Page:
So, the tech press (and others) did it again: writing sensationalistic headlines that completely misrepresent the source of a problem. So, let me be clear, when it comes to self-encrypting whole-drive failures, Bitlocker is not the problem. It's the solution.
Home? Pro? Something else? How do you know what you have?
Update after update after update. Are all those updates eating up your disk space? Probably not, but, it seems no answer is ever that simple, right? The real answer? It depends.
Thanks, as always, for being here!
Whole-disk encryption is a form of data security that encrypts all the data on a hard disk, irrespective of what that data might be.
Encryption and decryption happen at a low level, making it transparent to normal usage. As long as you're able to log in to your Windows machine, you'll have access to everything on it as if it were unencrypted. Turn the machine off, and the data is inaccessible and securely encrypted until you sign in again.
Low-level encryption and decryption can happen either by the hard disk itself, as data is read from or written to the drive (hardware encryption) or by Windows (software encryption).
The problem? Some drives using hardware-based encryption have been discovered to have vulnerabilities that could allow encrypted data to be exposed.
Continue Reading: Use BitLocker to Bypass Potential Self-Encrypting Drive Vulnerabilities
The Windows “edition” determines what features and functionality are included in a specific installation of Windows.
The “Home” edition is the most common in consumer installations; the “Pro” edition has a few more features (and hence I generally recommend it over Home, even when used in the home); and then there are Enterprise and Educational editions that are tailored for those environments.
But which one do you have?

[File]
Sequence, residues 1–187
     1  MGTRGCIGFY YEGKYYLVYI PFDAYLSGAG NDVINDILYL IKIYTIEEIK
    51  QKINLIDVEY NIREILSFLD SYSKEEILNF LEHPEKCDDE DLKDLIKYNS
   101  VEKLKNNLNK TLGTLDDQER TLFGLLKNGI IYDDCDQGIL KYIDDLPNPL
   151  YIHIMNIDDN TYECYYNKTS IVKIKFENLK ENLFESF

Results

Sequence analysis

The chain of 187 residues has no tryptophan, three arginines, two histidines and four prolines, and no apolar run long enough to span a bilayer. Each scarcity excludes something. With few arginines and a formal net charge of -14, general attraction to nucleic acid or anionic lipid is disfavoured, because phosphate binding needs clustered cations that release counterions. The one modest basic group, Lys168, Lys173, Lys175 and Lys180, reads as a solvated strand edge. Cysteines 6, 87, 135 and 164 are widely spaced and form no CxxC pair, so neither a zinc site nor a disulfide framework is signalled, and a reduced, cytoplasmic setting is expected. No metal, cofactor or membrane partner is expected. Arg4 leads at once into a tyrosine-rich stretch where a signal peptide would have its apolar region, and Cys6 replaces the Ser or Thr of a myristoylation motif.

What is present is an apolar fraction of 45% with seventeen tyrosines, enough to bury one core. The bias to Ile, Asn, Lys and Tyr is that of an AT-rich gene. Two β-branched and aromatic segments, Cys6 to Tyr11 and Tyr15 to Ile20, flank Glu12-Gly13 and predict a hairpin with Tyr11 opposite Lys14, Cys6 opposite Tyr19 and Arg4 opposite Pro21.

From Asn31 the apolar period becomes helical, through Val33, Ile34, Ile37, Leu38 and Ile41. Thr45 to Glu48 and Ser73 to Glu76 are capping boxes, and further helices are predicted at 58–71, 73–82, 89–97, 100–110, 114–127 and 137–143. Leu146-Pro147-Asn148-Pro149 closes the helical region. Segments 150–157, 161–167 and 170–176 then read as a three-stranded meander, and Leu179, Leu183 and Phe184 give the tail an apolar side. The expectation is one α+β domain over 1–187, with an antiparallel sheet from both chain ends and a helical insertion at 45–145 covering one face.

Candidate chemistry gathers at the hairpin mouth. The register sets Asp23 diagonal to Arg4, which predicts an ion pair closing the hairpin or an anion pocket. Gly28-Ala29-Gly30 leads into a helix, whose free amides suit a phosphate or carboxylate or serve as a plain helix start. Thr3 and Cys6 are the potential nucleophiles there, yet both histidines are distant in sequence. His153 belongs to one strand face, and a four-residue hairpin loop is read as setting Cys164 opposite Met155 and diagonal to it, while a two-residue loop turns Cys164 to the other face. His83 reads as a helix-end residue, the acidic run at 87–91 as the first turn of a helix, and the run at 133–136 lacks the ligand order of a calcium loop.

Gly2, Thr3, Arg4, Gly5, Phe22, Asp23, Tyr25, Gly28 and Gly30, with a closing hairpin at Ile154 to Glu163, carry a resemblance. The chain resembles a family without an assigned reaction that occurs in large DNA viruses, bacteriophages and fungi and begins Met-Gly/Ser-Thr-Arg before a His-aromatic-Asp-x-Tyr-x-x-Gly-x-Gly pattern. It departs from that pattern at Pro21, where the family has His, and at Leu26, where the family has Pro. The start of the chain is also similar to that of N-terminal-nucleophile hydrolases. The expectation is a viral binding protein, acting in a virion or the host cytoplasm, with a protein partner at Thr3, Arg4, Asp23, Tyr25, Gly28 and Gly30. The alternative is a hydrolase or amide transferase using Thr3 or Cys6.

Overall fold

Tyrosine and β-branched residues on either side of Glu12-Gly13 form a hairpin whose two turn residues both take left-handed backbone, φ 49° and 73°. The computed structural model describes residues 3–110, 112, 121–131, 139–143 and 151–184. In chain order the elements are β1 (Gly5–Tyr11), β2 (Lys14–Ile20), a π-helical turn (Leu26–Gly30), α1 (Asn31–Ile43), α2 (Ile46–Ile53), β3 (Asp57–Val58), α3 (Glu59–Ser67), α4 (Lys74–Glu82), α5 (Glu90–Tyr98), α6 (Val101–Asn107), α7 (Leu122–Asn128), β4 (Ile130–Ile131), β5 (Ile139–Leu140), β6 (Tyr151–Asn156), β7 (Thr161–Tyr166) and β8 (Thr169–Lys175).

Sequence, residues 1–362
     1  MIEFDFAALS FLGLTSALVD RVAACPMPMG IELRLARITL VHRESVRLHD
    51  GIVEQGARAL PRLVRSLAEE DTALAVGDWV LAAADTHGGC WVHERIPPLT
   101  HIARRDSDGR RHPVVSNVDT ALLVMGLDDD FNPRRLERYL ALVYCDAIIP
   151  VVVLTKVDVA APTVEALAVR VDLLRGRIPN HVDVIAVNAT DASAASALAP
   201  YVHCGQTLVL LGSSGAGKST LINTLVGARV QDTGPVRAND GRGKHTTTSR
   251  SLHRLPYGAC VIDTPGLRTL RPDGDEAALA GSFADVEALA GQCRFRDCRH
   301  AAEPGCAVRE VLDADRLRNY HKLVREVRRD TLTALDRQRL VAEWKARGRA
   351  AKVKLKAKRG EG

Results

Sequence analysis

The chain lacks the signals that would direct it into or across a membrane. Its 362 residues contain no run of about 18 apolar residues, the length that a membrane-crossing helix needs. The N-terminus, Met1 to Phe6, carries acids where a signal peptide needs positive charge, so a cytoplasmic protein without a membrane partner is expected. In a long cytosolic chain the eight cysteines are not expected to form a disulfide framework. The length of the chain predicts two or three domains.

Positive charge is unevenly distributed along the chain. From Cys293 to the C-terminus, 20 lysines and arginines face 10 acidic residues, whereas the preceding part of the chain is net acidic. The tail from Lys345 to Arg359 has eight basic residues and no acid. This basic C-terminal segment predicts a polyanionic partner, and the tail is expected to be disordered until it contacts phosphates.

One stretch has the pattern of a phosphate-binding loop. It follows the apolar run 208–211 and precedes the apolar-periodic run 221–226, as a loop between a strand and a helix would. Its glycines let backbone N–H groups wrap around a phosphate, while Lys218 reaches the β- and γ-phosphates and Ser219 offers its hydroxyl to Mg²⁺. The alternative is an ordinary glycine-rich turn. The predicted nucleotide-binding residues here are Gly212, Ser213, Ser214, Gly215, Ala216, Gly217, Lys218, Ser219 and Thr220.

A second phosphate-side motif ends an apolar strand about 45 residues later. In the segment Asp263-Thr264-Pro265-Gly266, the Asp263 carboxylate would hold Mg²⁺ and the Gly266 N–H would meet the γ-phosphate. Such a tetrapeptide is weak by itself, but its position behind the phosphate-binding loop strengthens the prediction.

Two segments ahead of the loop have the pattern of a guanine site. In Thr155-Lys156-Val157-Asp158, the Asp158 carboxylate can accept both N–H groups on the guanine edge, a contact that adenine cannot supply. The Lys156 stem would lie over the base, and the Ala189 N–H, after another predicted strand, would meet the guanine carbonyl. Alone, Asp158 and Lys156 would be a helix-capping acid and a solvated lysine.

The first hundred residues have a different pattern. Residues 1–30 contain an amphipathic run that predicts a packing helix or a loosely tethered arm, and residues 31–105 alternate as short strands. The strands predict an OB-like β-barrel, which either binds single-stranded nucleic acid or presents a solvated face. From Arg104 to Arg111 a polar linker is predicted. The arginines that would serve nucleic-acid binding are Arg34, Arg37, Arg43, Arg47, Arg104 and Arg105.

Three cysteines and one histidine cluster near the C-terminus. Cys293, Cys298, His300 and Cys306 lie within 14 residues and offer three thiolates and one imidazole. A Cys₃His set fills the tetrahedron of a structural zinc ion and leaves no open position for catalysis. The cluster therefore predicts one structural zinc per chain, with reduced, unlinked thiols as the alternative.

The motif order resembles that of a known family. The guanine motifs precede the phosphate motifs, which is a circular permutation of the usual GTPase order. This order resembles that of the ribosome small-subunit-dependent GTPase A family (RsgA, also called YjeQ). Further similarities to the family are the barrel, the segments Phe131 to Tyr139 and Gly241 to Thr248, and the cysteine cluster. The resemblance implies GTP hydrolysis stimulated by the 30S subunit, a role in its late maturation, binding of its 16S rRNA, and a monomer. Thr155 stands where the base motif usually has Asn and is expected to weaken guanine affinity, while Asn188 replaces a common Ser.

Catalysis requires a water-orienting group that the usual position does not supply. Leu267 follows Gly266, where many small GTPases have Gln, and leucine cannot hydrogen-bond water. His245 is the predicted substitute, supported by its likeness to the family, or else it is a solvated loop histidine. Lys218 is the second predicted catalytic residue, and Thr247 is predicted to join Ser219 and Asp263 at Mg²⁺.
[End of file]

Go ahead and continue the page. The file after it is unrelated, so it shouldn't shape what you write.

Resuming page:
It's easy to find out.
Continue Reading: How Do I Figure Out My Windows Edition?
There are many different softwares installed on my Windows. And I find that many of them keep updating themselves automatically from the internet. These are like Avast Antivirus (program updates apart from the virus def files updates), Adobe Flash, JREs etc.
My question is, all these downloads, do they keep adding to the older installation (and eating into my disk space) or do they replace the older installation? And what about Windows updates like the IE updates — where there are options to roll back to previous versions?
I don't mean to be flippant, but the reality is exactly that: some updates are cumulative, some are replacements, and others … well, others, you get to decide.
Let's look at some of those scenarios.
Continue Reading: Do All These Software Updates Take Up More and More Disk Space?
Ad-Free Ask Leo!
A feature exclusively available to Ask Leo! Patrons Bronze level & above.
- Tip of the Day: Control Audio Devices, Per App
- Tip of the Day: Adjust the Recycle Bin's Disk Usage
- Tip of the Day: That Simple Feature Isn't So Simple
- Tip of the Day: Facebook Messes with Your Photos
- Tip of the Day: Hard Drives Die
- Tip of the Day: Tell Microsoft What You Think
More Ask Leo!
Leo's Other Projects....HeroicStories Since 1999, HeroicStories brings diverse, international voices to the world ' reminding us that people are good, that individuals and individual action matter. Stories - new and old - are published twice a week.
Not All News Is Bad - Each day I look for one story in the current news of the day with a positive bent. Just one. And I share it.
leo.notenboom.org - My personal blog. Part writing exercise, part ranting platform, it's where I write about anything and everything and nothing at all.
Help Ask Leo! Just forward this message, in its entirety (but without your unsubscribe link below) to your friends. Or, just point them at https://newsletter.askleo.com for their own FREE subscription!
Newsletter contents Copyright © 2018,
Leo A. Notenboom & Puget Sound Software, LLC.
Ask Leo! is a registered trademark ® of Puget Sound Software, LLC